Weekly Wire
Memphis Flyer All the Rage

By Hadley Hury

APRIL 13, 1998: 

Buried Child

The staging of Sam Shepard’s Buried Child at the McCoy Theatre at Rhodes College, directed by Tom Jones and running through April 19th, is quite fine. It is yet another reminder from the McCoy that a college theatre can mount productions of sufficient quality to appeal to the theatre community at large, even as it fulfills its primary purpose of giving its students a venue in which to tackle the sort of ambitious works that can best help them grow and learn. Shepard’s tragi-comic study of an Illinois farm family’s protracted self-destruction is emotionally corrosive and theatrically sophisticated, and all seven characters are considerably older than the student cast members playing them. On almost all counts, the stretches in the McCoy production are managed with admirable credibility.

Buried Child, which won the Pulitzer Prize for Shepard, remains one of his most powerful, and poetic, pieces of theatre. Like most of his works, it picks through the aftermath of war; the people of Shepard’s world are the baffled survivors of an American Dream that has spiritually soured, been exposed as a cultural self-deception, or altogether exploded. His characters, ghosts of their former selves or their unfulfilled aspirations, wander a landscape distorted by technology, great economic shifts, and a violent history; amid the rubble they search hungrily for clues to their identity, only to turn up roots too bitter to digest. If Carson McCullers had written Wuthering Heights the result might have been something like Buried Child: the play is gothic melodrama, fraught with thwarted passions, generational revenge, symbolism, and tumultuous stormy nights; its mounting tensions are only exacerbated by its occasional flashes of grotesque, mordant humor.

The setting is a family farm in America’s heartland; the situation is that the farm has fallen into ruin and the family’s heartbeat is barely discernible. Dodge, the perpetually disgruntled patriarch, is slowly slouching toward death on the living room sofa, his authority now limited to control over the television set, the contraband pint of whisky under his cushions, and the occasional verbal abuse he hurls toward whoever happens to be near at the time. Pete “Monty” Montgomery’s performance is caustically funny and well-timed; if it lacks some of the colorings of tone that only life experience might bring, it is nonetheless true and, considering the actor’s age, remarkable. As Dodge’s addled son Tilden, Matt Nelson gives a vivid portrayal of a man who has been spiritually castrated by the family’s festering secrets and delusions. The role invites overplaying; Nelson wisely resists, and the result is at once horrific and quite touching. Ty Hallmark plays Halie, the manipulative mother who exerts supreme control over everyone in the family and yet functions as the drama’s primary force of disorder. It’s an extremely difficult role: Halie is a volatile shape-shifter comprising equal parts Medea, Violet Venable, and Eunice (the character created by Carol Burnett on her ’70s television show). Hallmark cannot quite manage to evince this complete spectrum; to her credit, however, her well-considered performance is equally a measure of what she does bring to it. Brandon Barr is good as Dodge and Halie’s other son Bradley, as are Shaun Townley as the local priest and Andrew Sullivan as Tilden’s son Vince. Vince arrives at the farm unexpectedly with his girlfriend Shelly – played with intelligence, skill, and verve by DeNae Winesette – and, like cinders falling into a tangle of oily rags, they ignite the next conflagration in the family’s seemingly unending apocalypse.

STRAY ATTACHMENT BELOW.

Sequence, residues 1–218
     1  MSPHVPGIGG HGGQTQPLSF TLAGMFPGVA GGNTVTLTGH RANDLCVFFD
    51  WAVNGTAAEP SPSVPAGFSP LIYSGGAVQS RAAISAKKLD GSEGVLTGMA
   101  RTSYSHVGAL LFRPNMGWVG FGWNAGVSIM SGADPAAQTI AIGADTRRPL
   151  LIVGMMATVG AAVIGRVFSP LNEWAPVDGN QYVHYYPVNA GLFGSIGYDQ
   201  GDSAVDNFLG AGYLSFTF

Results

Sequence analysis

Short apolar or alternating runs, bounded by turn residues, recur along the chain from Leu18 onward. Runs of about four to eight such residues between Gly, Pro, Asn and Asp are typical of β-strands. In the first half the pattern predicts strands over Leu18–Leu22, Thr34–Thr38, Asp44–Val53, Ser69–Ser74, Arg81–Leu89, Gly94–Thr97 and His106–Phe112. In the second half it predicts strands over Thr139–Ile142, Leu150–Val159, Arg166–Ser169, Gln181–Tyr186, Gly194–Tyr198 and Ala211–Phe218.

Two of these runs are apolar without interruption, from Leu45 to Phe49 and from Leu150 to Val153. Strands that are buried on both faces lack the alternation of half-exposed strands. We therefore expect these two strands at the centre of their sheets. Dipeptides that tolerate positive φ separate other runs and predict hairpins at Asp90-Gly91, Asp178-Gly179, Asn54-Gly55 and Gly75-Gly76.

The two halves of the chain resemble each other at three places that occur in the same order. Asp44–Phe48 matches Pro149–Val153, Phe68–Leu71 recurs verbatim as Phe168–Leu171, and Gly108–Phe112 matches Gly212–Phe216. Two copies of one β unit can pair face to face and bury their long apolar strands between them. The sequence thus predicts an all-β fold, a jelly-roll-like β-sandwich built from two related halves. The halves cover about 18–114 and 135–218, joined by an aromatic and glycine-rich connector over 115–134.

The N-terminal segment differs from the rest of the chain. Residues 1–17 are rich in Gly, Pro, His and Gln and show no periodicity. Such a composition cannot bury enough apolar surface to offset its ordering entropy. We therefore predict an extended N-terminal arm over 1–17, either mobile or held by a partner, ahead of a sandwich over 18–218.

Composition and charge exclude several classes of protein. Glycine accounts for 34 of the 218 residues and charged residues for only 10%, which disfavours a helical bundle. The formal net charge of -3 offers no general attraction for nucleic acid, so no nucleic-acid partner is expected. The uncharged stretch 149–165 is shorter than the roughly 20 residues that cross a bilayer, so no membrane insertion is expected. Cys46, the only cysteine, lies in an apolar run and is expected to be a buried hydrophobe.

The striking first act of Shepard’s Buried Child gives way to some unsatisfying loose ends and confused dramatic symbology in the second. Still, even though it is frustrating to watch its overreaching ambitions atrophy in the denouement, Buried Child offers a heady theatrical experience.

No small part of the excitement in the McCoy production is that Jones has offered his student actors challenging material with challenging roles, and the audience watches them as, keenly directed, they rise to the occasion, maturing in their craft right before our eyes.


Mrs. Klein

Another searing domestic drama – Mrs. Klein, based on the life of early 20th century psychoanalyst Melanie Klein – is on view in the Little Theatre of Theatre Memphis. Written by Nicholas Wright, who drew on Phyllis Grosskurth’s 1985 biography, the play is set in London in the 1930s at the moment when Klein must confront the untimely death of her only son. The piece unfolds as a dramatic exegesis of “Physician, heal thyself.”

Mrs. Klein played Off-Broadway four years ago, affording the legendary Uta Hagen a highly acclaimed tour-de-force in the title role. In the Little Theatre production, which is directed by Leigh Ann Evans, Klein is portrayed with strength and insight by Margaret Askew. With quicksilver turns, she draws the audience at once into the genius of a pioneering professional and the emotional ambiguities of a complex woman. Also giving thoughtful, compelling performances are Drue Neel Glauber as Klein’s daughter (and rival therapist) and Julie Reinbold Watson as a disciple-cum-amanuensis.


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